In latest marketing-reform move, GSK recruits in-house doctors to speak for products

GlaxoSmithKline president of U.S. pharmaceuticals Dierdre Connelly--FiercePharma file photo

GlaxoSmithKline ($GSK) may be phasing out speaking fees for doctors, but that doesn't mean doctors won't be speaking about its products. As Bloomberg reports, the company plans to add physicians to its in-house marketing staff.

"We'll continue to disseminate this very important information on drug benefits and risks, but we're just not going to do that by hiring external speakers," Dierdre Connelly, president of Glaxo's U.S. pharma business, told the news service. "We want to ensure that no one even perceives us to be doing anything wrong."

The U.K.-based drugmaker's move to stop paying doctors to speak on behalf of its products is part of a broader plan to reform its marketing and clean up its tarnished reputation. In 2012, the company agreed to pay a whopping $3 billion to wrap up a Department of Justice investigation into off-label promotions and other marketing-related claims. And last year, the company's Chinese operations were implicated in a bribery scheme; officials there have been cracking down on alleged corruption in the pharma business.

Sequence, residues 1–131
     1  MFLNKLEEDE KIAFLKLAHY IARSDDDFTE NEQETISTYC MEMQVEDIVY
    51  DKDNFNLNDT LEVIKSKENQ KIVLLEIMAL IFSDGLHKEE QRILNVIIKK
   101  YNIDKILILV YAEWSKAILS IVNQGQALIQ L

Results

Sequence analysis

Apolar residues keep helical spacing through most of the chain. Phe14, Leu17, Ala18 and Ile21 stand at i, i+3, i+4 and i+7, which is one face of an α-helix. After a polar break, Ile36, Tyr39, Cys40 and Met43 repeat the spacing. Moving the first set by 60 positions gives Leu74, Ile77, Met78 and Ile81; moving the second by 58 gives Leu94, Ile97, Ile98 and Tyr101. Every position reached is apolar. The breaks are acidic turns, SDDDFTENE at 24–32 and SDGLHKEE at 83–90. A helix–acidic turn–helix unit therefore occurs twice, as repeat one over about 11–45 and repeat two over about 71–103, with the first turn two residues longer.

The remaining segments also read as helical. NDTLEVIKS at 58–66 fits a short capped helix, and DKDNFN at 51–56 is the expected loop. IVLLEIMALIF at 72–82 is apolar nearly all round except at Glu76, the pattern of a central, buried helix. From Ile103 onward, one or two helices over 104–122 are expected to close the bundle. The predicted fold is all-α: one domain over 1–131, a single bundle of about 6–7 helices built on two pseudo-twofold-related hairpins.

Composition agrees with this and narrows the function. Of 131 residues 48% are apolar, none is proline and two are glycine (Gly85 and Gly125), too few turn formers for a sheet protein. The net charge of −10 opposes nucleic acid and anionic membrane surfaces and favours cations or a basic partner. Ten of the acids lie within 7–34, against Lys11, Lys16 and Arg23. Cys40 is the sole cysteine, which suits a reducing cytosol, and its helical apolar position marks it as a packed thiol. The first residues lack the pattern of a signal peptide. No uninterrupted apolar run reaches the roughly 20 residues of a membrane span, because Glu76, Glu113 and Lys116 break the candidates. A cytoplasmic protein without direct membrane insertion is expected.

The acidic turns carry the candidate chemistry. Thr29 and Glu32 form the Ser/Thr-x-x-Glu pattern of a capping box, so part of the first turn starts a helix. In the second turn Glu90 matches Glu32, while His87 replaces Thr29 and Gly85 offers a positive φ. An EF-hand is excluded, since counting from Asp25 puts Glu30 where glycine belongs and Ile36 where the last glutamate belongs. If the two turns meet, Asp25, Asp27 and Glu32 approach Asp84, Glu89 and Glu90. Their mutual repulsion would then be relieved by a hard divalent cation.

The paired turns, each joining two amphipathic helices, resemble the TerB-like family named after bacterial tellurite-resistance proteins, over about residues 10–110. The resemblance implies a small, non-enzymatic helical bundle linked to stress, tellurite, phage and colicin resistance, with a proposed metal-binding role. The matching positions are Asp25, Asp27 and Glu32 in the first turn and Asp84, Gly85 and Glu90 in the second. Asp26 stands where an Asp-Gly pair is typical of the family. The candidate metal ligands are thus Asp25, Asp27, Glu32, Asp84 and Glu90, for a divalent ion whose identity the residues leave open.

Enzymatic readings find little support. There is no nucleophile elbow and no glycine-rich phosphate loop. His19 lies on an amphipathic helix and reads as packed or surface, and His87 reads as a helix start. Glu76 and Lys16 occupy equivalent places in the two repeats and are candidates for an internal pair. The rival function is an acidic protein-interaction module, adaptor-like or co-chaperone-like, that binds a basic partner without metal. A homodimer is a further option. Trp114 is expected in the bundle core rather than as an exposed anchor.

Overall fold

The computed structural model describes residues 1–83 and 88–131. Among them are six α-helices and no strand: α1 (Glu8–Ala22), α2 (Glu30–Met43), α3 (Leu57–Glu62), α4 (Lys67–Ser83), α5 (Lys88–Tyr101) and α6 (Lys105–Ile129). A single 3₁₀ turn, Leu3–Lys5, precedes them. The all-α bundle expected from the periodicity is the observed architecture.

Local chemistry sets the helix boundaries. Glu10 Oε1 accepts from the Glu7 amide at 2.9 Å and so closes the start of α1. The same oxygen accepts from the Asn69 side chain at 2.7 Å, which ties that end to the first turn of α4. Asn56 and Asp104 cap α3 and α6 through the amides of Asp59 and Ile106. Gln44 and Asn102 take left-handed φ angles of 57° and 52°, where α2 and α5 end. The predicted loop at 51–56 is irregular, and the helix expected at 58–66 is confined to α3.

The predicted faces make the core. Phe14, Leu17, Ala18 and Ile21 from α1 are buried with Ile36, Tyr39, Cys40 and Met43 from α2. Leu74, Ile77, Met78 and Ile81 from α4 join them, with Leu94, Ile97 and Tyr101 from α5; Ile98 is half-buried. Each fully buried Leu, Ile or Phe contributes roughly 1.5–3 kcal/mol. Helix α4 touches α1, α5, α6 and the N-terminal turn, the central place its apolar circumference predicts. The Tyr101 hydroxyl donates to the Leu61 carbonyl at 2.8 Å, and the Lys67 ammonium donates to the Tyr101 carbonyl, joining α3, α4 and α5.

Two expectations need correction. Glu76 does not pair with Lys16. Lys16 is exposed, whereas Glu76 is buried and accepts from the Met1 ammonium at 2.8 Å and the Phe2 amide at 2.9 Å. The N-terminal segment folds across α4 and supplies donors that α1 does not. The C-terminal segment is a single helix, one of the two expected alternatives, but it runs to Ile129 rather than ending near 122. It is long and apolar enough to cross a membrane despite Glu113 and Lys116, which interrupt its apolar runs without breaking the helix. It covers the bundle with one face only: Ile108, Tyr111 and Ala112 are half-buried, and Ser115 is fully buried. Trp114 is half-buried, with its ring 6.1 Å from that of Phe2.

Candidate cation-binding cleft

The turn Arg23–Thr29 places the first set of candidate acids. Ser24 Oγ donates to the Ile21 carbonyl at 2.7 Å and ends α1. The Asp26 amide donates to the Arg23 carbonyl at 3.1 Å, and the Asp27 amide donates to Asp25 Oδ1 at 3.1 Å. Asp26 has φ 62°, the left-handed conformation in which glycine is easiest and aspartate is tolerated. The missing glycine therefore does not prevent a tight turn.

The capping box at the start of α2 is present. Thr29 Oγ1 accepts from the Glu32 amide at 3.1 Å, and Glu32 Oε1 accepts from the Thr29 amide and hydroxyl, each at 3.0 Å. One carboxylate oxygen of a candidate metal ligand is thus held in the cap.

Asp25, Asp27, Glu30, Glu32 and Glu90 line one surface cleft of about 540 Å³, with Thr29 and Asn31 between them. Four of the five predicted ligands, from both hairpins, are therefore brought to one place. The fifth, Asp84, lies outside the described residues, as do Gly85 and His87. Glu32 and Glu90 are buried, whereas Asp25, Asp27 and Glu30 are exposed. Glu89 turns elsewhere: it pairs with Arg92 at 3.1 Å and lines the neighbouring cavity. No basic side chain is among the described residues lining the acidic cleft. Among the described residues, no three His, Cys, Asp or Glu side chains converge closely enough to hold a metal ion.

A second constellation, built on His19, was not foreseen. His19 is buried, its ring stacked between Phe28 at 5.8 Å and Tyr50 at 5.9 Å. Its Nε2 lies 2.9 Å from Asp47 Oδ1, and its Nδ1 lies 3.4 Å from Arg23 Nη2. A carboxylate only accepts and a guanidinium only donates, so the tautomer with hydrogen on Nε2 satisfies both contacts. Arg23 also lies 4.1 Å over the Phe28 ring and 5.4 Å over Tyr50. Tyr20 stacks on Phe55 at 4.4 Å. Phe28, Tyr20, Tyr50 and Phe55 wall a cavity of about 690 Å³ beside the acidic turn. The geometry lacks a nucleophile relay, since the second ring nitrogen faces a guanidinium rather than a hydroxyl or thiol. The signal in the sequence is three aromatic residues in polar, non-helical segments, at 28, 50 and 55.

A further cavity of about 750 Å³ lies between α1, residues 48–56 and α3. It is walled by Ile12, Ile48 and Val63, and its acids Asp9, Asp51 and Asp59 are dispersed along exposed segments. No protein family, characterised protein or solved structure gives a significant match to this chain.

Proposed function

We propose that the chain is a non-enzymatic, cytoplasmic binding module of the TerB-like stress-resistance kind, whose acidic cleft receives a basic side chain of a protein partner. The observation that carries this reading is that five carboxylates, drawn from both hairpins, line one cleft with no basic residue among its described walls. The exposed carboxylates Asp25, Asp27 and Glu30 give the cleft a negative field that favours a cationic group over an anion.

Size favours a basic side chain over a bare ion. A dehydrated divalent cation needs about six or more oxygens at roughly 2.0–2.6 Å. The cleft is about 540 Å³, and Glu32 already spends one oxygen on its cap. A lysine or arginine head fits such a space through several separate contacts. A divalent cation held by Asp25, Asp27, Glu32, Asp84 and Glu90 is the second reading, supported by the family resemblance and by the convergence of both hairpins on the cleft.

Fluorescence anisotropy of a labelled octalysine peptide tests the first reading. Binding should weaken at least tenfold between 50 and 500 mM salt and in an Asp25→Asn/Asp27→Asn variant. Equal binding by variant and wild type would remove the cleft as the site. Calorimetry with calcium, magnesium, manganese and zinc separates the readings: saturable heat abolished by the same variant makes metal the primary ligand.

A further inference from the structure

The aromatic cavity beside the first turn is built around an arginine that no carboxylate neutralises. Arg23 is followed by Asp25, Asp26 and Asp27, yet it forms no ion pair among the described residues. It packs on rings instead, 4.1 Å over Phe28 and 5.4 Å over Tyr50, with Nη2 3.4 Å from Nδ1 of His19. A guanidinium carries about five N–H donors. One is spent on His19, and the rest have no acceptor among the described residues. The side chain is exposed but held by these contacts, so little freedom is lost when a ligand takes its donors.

The company first overhauled its compensation for U.S. sales reps in 2011, nixing individual script quotas in favor of group goals and qualitative evaluations. In December, Glaxo said it would roll out those compensation changes worldwide and step away from speaking fees for doctors.

Now, Glaxo plans to hire doctors and scientists to help educate physicians about its products, Connelly says. How many isn't yet clear, the company told Bloomberg.

Like Glaxo's sales-compensation changes, this latest move has prompted some skepticism. Some in the pharma business believe that, without individual quotas, sales reps won't be as productive. Industry watchers now say that in-house doctor-promoters may not be as effective as external speakers. Other physicians may question their credibility and expertise, for one thing.

For another, they aren't likely to be as impressive as the "key opinion leaders" sought after by other drugmakers. "Doctors aren't influenced by just any other doctor," University of Michigan pharma expert Erik Gordon told Bloomberg. "They are influenced by doctors who are sufficiently well known, respected, and seen as key opinion leaders--real experts with lots of experience with patients."

- read the Bloomberg piece

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